It is no coincidence that companies are investing in AI at unprecedented levels at a time when they are under tremendous pressure to innovate. The artificial intelligence models developed by data scientists give enterprises new insights, enable new and more efficient ways of working, and help identify opportunities to reduce costs and introduce profitable new products and services.
The possibilities for AI use grow almost daily, so it’s important not to limit innovation. Unfortunately, many organizations do just that by tethering themselves to proprietary tools and solutions. This can handcuff data scientists and IT as new innovations become available, and results in higher costs than an open environment that supports best-of-breed AI model development and management. This article presents guidance for avoiding proprietary lock-in in enterprise AI, and why it is important to do so.
AI grew out of data analytics that later evolved to business analytics and business intelligence. Early analytics were dominated by a few proprietary solutions, which had a limited ecosystem of innovative companies developing complementary tools and technologies to enhance the vendor platform. That slowed analytics adoption.
The AI market is the Wild West in comparison. Hundreds of companies, ranging from some of the best-known names in tech to incredibly innovative startups are offering solutions for every stage of AI and the AI model life cycle. Enterprises don’t have to use the same limited tools and techniques as their competitors, and they are taking advantage. In 2021, 81% of financial services companies were using more than one AI model development tool, and 42% were using at least five, according to the 2021 State of ModelOps report. That doesn’t even count the tools and solutions used for other stages of AI and the model life cycle.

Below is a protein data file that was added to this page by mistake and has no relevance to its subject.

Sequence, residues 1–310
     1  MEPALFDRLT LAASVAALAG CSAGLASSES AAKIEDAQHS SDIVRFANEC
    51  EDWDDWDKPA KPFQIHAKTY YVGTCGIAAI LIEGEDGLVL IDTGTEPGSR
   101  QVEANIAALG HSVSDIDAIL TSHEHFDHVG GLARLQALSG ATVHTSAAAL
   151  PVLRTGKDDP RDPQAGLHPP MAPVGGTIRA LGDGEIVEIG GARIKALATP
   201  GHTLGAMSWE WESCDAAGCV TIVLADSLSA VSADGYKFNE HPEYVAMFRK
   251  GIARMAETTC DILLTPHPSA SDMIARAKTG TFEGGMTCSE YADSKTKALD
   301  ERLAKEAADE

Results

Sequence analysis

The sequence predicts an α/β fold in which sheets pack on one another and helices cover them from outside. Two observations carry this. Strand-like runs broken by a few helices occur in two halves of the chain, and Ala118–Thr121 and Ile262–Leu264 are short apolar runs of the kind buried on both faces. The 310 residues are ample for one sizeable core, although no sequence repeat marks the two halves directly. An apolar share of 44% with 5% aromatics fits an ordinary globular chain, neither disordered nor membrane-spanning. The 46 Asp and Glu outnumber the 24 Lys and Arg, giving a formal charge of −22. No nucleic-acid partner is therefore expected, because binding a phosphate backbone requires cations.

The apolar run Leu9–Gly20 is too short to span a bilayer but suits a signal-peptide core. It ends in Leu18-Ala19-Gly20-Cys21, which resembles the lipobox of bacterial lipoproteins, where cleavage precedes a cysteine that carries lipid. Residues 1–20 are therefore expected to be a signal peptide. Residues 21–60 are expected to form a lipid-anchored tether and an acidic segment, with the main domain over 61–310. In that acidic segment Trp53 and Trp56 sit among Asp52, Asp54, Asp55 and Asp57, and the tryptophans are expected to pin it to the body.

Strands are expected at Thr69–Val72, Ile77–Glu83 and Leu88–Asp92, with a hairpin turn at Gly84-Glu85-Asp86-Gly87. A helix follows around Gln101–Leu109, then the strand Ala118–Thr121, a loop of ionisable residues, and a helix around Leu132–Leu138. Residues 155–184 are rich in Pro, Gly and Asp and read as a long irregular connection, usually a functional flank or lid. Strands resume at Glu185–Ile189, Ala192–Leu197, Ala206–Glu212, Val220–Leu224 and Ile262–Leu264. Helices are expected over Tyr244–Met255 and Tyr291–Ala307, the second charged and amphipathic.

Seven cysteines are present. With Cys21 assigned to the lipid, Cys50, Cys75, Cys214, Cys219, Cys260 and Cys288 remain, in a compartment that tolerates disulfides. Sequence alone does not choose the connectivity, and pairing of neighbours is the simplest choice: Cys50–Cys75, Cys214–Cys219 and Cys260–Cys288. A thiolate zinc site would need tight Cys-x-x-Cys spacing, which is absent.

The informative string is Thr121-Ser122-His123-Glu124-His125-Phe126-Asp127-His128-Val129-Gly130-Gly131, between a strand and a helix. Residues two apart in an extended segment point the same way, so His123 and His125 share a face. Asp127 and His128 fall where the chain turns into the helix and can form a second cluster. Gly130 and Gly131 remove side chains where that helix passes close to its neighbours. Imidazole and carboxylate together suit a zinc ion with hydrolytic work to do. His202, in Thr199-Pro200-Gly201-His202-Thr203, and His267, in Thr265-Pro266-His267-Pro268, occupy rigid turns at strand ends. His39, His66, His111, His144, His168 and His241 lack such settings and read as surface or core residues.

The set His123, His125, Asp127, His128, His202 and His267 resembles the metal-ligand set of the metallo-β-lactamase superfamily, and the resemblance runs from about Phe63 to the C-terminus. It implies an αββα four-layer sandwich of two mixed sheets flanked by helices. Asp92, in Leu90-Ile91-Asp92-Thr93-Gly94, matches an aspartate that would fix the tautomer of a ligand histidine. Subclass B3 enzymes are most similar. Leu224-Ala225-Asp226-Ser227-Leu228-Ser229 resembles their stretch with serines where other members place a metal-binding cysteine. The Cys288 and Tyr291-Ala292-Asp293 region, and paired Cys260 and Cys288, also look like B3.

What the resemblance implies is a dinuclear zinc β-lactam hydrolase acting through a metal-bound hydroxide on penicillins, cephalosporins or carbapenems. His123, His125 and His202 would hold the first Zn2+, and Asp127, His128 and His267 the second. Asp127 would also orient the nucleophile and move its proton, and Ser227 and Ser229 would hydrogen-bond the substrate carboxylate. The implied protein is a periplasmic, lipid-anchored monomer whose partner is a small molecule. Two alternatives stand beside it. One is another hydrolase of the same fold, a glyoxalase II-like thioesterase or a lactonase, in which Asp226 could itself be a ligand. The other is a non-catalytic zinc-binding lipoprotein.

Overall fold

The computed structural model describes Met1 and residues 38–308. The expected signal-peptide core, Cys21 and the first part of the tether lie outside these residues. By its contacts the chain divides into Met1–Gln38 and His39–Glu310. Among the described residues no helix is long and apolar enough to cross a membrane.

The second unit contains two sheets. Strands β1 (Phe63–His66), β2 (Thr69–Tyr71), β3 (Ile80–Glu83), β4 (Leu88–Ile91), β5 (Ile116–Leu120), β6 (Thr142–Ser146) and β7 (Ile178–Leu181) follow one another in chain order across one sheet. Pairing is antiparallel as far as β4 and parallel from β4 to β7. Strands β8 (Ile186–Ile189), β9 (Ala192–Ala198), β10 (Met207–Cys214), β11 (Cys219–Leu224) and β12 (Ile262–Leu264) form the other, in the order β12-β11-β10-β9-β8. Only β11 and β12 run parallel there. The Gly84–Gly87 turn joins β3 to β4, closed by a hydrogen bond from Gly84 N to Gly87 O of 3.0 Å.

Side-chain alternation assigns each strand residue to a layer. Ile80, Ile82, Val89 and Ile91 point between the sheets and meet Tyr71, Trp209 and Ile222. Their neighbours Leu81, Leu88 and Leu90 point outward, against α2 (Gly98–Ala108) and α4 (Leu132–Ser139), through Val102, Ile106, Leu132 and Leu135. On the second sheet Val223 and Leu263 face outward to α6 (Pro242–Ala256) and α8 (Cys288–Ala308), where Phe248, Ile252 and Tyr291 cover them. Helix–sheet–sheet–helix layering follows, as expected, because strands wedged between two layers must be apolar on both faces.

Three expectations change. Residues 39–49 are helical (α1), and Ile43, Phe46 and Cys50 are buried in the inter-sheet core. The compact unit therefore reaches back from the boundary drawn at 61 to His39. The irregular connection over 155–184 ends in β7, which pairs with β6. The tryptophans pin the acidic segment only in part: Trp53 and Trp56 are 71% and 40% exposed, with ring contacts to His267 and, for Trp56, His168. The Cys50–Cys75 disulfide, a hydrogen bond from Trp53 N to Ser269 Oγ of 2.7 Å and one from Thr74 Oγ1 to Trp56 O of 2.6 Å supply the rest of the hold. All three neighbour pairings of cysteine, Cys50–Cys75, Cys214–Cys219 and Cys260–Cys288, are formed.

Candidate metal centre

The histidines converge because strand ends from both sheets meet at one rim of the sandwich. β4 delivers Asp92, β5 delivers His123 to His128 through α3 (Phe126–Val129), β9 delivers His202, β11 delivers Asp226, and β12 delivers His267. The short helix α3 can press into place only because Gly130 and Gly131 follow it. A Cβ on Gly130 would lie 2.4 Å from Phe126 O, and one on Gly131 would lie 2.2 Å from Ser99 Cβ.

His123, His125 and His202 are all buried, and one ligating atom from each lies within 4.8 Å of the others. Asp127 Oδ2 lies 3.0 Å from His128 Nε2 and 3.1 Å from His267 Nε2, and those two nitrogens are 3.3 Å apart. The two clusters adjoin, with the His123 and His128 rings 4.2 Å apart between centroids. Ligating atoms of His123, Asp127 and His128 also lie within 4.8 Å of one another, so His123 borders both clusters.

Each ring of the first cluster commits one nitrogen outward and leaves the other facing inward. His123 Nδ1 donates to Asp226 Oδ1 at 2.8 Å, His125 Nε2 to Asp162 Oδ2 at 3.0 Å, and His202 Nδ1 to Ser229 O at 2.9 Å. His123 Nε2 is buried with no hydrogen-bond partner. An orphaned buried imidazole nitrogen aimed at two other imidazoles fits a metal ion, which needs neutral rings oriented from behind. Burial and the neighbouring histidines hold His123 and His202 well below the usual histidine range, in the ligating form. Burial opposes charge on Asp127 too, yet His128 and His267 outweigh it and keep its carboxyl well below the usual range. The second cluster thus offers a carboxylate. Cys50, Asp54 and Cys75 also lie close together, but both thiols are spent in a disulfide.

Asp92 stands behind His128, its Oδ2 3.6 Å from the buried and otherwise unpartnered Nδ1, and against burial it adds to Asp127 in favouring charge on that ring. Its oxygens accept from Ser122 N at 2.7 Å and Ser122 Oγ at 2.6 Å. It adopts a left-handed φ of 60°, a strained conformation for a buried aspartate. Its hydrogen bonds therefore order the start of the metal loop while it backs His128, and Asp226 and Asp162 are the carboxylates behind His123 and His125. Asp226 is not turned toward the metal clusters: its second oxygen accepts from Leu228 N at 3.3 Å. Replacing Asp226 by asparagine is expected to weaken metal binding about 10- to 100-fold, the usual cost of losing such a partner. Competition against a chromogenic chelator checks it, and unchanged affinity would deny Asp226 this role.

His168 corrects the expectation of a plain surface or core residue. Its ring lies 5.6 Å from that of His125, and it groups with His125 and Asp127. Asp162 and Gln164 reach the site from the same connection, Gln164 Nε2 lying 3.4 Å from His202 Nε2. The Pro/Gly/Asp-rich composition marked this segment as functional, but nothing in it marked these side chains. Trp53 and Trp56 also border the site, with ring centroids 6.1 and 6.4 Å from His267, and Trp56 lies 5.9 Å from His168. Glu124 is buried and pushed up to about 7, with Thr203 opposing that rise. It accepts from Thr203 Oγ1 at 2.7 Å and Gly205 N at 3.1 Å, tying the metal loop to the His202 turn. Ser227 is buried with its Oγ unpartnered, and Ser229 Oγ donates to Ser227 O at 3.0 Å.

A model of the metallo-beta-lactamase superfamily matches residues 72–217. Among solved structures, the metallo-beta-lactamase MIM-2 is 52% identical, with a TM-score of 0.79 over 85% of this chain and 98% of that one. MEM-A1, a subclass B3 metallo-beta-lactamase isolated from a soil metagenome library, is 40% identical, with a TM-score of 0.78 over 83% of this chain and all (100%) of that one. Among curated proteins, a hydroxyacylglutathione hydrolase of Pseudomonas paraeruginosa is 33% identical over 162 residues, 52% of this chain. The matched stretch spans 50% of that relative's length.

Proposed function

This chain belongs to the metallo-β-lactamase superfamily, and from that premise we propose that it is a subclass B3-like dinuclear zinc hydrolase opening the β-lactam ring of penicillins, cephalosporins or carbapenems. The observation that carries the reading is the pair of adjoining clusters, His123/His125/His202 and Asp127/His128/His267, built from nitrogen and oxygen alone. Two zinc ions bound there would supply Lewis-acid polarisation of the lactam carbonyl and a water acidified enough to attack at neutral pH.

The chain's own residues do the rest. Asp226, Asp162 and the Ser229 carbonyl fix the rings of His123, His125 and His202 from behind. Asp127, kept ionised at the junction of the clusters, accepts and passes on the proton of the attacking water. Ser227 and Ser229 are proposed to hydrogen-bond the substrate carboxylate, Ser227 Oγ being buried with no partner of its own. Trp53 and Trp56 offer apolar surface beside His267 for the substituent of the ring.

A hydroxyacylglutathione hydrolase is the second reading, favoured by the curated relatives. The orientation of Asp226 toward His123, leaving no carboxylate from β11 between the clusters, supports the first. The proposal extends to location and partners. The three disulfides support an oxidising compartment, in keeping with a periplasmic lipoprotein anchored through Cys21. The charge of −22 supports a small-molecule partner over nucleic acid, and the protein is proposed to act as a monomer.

Many tools are oriented to developing models for a specific purpose (e.g. fraud detection, assisted shopping) or execution environment (e.g. in-house hardware or AWS and other hyper cloud services). Having multiple purpose-built, best-of-breed model development options available to data scientists has broadened the scope of use cases that are possible and valuable, which has helped AI use grow within organizations.
AI lock-in occurs when organizations rely on the same tool they used to create models to also run and manage them in production. That may have been OK in the early days of analytics when models and model…
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